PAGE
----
Read The Hourglass Door Online

Authors: Lisa Mangum

Tags: #Romance, #Fiction, #Good and Evil, #Interpersonal Relations, #High Schools, #Schools

The Hourglass Door

The Hourglass Door
Lisa Mangum
Deseret Book Co (2010)
Romance, Fiction, Good and Evil, Interpersonal Relations, High Schools, Schools
From School Library Journal

Grade 9 Up—Abby's whole life has been planned: she is dating the "boy next door," whom she met shortly before she turned four, her parents are organizing the same bowling birthday party they've thrown for her for 14 years, and she and her best friend plan to be college roommates. Then Dante, a tall, dark, and handsome Italian foreign-exchange student, arrives at her high school, and everything gets turned upside down. Suddenly, she is having passionate feelings for him that she never had for her boyfriend, and she is willing to entertain possibilities that she never before considered. The closer she gets to Dante, the more her life spins out of control. Dante has secrets: He always wears leather gloves that cover his wrists, he disappears for days, and time literally stops when Abby is with him. The more she finds out about Dante, the more danger she is in. This novel has an exciting premise and moves along at a brisk pace. Unfortunately, the supporting characters are all caricatures of high school students, Abby and Dante have very little real chemistry, and the dialogue is stilted and frequently either clichéd or superfluous.—_Heather M. Campbell, formerly at Philip S. Miller Library, Castle Rock, CO_
Copyright © Reed Business Information, a division of Reed Elsevier Inc. All rights reserved.


A Time Travel Thrill Ride!!!!
, April 23, 2009
By Teri

I was sent an ARC of this blockbuster of a book two months ago to review and it totally blew me away!!! This is the first of a trilogy, of which I am excited about. This series is going to be HUGE!!! Abby Beatrice Edmunds is starting her senior year of high school, is wanting no limits in her already set life, with a boyfriend who's always got things planned. In walks Dante Alexander, a foreign exchange student from Italy, to turn her life upside down. He disappears for days, strange things happen when he's around. Abby finds herself drawn to Dante and the mystery that seems to go back to sixteenth century Florence that could be dangerous for her and her loved ones. If you love time travel stories, this is a very must read!!!! Don't be left out when this spellbinding novel comes out on 13 May!!!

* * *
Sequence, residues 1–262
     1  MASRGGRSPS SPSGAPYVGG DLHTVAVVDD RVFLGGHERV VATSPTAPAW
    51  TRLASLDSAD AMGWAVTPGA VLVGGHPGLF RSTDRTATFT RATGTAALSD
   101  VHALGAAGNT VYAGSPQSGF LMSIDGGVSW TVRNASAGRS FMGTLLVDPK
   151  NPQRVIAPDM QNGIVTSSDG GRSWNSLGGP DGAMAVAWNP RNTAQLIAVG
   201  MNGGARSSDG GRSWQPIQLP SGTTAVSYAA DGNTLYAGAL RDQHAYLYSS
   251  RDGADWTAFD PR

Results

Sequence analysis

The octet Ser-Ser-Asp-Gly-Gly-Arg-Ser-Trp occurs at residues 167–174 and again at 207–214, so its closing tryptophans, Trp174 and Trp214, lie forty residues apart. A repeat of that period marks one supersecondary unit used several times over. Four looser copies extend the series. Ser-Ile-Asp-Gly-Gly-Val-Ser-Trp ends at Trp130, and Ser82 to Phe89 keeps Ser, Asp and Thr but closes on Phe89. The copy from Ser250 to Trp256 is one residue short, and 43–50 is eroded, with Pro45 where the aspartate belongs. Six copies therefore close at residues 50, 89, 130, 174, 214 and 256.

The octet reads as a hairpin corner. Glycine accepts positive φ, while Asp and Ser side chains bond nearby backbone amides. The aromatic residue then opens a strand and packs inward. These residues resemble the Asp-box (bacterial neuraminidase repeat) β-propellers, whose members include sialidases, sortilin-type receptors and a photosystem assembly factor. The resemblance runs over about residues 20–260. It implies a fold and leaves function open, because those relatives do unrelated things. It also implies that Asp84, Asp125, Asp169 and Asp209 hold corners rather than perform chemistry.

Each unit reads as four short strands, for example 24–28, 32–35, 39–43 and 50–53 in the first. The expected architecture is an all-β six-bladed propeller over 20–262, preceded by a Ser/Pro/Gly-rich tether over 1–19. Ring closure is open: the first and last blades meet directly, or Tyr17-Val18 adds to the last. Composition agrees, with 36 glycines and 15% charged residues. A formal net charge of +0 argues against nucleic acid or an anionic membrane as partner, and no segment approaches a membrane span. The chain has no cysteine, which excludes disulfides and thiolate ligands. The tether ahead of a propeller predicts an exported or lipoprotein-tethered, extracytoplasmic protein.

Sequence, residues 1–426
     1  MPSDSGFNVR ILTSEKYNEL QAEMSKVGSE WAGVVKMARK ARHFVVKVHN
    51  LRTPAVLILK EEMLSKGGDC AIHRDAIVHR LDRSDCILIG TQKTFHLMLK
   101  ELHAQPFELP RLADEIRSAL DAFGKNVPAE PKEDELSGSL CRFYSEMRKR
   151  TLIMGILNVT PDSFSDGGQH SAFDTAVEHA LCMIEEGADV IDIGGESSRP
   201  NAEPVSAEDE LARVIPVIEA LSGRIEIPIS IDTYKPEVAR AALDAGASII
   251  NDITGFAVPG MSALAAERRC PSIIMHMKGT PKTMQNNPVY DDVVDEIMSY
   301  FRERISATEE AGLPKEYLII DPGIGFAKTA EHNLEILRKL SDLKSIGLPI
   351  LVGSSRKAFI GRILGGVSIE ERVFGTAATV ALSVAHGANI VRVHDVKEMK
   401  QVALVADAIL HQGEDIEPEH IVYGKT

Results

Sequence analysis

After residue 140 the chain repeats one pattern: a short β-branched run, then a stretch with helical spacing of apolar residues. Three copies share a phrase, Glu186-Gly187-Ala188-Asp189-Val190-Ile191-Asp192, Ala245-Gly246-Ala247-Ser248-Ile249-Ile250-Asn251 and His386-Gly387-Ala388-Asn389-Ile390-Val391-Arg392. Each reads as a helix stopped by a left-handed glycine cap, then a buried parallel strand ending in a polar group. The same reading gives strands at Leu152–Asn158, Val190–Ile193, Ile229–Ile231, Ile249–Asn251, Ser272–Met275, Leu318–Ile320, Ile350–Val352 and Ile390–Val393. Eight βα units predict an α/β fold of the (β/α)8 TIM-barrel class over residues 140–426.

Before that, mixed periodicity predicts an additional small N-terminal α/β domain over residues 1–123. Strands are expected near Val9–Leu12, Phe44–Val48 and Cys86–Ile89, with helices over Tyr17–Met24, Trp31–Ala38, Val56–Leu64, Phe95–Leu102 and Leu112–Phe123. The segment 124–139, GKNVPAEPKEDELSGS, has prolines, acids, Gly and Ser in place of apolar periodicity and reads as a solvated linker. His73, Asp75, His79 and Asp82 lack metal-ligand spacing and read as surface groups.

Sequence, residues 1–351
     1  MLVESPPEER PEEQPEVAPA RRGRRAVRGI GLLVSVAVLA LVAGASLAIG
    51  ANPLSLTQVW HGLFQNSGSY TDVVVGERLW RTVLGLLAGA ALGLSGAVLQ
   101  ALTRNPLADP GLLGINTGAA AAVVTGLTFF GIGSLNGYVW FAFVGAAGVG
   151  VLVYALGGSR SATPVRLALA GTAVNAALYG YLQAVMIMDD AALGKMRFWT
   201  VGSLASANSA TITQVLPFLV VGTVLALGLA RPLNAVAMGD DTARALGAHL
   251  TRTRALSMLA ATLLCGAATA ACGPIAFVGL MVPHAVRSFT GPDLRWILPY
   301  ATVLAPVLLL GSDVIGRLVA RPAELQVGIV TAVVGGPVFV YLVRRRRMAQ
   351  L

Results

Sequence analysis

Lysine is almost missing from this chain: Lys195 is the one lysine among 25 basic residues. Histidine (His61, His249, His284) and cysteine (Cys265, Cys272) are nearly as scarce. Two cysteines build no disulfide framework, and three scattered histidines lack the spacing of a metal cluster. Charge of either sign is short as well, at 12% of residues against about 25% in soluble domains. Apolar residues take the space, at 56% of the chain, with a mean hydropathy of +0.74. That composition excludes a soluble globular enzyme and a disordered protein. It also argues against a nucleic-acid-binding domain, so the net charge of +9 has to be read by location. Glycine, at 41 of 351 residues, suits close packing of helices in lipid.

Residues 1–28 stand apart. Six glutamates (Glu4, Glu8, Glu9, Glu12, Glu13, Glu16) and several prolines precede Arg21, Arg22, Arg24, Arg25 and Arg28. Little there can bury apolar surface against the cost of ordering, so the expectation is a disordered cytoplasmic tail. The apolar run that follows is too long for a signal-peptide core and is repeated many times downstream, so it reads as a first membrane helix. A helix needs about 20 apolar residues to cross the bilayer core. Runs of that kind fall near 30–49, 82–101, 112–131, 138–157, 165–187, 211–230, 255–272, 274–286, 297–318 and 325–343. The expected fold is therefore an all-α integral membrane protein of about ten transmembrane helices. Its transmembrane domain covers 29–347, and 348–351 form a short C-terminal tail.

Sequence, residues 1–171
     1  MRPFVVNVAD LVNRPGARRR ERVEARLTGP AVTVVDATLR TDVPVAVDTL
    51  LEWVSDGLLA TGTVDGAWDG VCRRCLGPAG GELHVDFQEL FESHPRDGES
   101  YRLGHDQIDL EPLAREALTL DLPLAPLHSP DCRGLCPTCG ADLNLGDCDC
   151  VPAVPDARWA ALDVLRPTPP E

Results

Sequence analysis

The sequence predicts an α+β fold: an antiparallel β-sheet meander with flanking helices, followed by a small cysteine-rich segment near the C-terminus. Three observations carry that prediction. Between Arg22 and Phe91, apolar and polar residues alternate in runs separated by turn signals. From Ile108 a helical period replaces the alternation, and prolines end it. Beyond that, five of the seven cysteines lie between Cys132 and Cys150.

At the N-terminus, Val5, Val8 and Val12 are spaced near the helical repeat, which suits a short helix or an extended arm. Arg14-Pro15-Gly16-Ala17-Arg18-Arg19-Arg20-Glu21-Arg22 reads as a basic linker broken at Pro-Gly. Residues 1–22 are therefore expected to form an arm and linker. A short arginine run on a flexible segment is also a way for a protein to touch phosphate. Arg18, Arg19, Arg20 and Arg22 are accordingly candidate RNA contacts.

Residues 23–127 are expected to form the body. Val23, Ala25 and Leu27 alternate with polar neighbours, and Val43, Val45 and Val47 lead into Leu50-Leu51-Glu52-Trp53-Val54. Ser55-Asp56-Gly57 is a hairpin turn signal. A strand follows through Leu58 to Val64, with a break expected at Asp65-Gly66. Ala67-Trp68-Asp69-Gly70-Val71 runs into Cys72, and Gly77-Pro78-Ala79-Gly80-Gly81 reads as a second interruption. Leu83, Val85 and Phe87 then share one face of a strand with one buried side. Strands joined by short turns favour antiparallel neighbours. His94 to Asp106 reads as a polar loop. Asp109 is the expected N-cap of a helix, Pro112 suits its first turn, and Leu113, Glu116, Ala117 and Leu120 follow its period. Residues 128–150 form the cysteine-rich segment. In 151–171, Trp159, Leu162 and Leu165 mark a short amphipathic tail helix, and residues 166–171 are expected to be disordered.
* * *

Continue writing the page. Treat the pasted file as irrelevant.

This is a great book!
, May 11, 2009
By Will

Ok, so . . . I'm a guy. And guys aren't supposed to LIKE, let alone READ this kind of fiction book. Well, I haven't read TWILIGHT, but I did see the movie. However, I DID read THE HOURGLASS DOOR by Lisa Mangum. This is really a wonderfully creative story, and you really feel like to get to know and relate to the characters. Abby and Dante feel like real people, and I really cared about them and their growing relationship. I'm WAY out of high school age, but reading this story took me back to the emotions and experiences of that time. Lisa Mangum is a brilliant new writer, and I'm sharing this book . . . and her future books . . . with three of my daughters who love to read, and who love romantic fiction. I cannot tell you how MUCH I loved this book. Bravo, Lisa! I can't wait to read the next one!

--April 23, 2009
By Teri

Quotation on pages 63–64: From
The Aeneid

by Virgil, translated by Robert Fitzgerald, translation copyright © 1980, 1982, 1983 by Robert Fitzgerald. Used by permission of Random House, Inc.

Quotations on pages 240–41, 262, and 263: From
The Divine Comedy of Dante Alighieri: Inferno

by Allen Mandelbaum, translation copyright © 1980 by Allen Mandelbaum. Used by permission of Bantam Books, a division of Random House, Inc.

Quotation on page 394: From
The Divine Comedy of Dante Alighieri: Paradiso

by Allen Mandelbaum, translation copyright © 1984 by Allen Mandelbaum. Used by permission of Bantam Books, a division of Random House, Inc.









© 2009 Lisa K. Mangum


All rights reserved. No part of this book may be reproduced in any form or by any means without permission in writing from the publisher, Shadow Mountain
. The views expressed herein are the responsibility of the author and do not necessarily represent the position of Shadow Mountain.


All characters in this book are fictitious, and any resemblance to actual persons, living or dead, is purely coincidental.


Library of Congress Cataloging-in-Publication Data


Mangum, Lisa.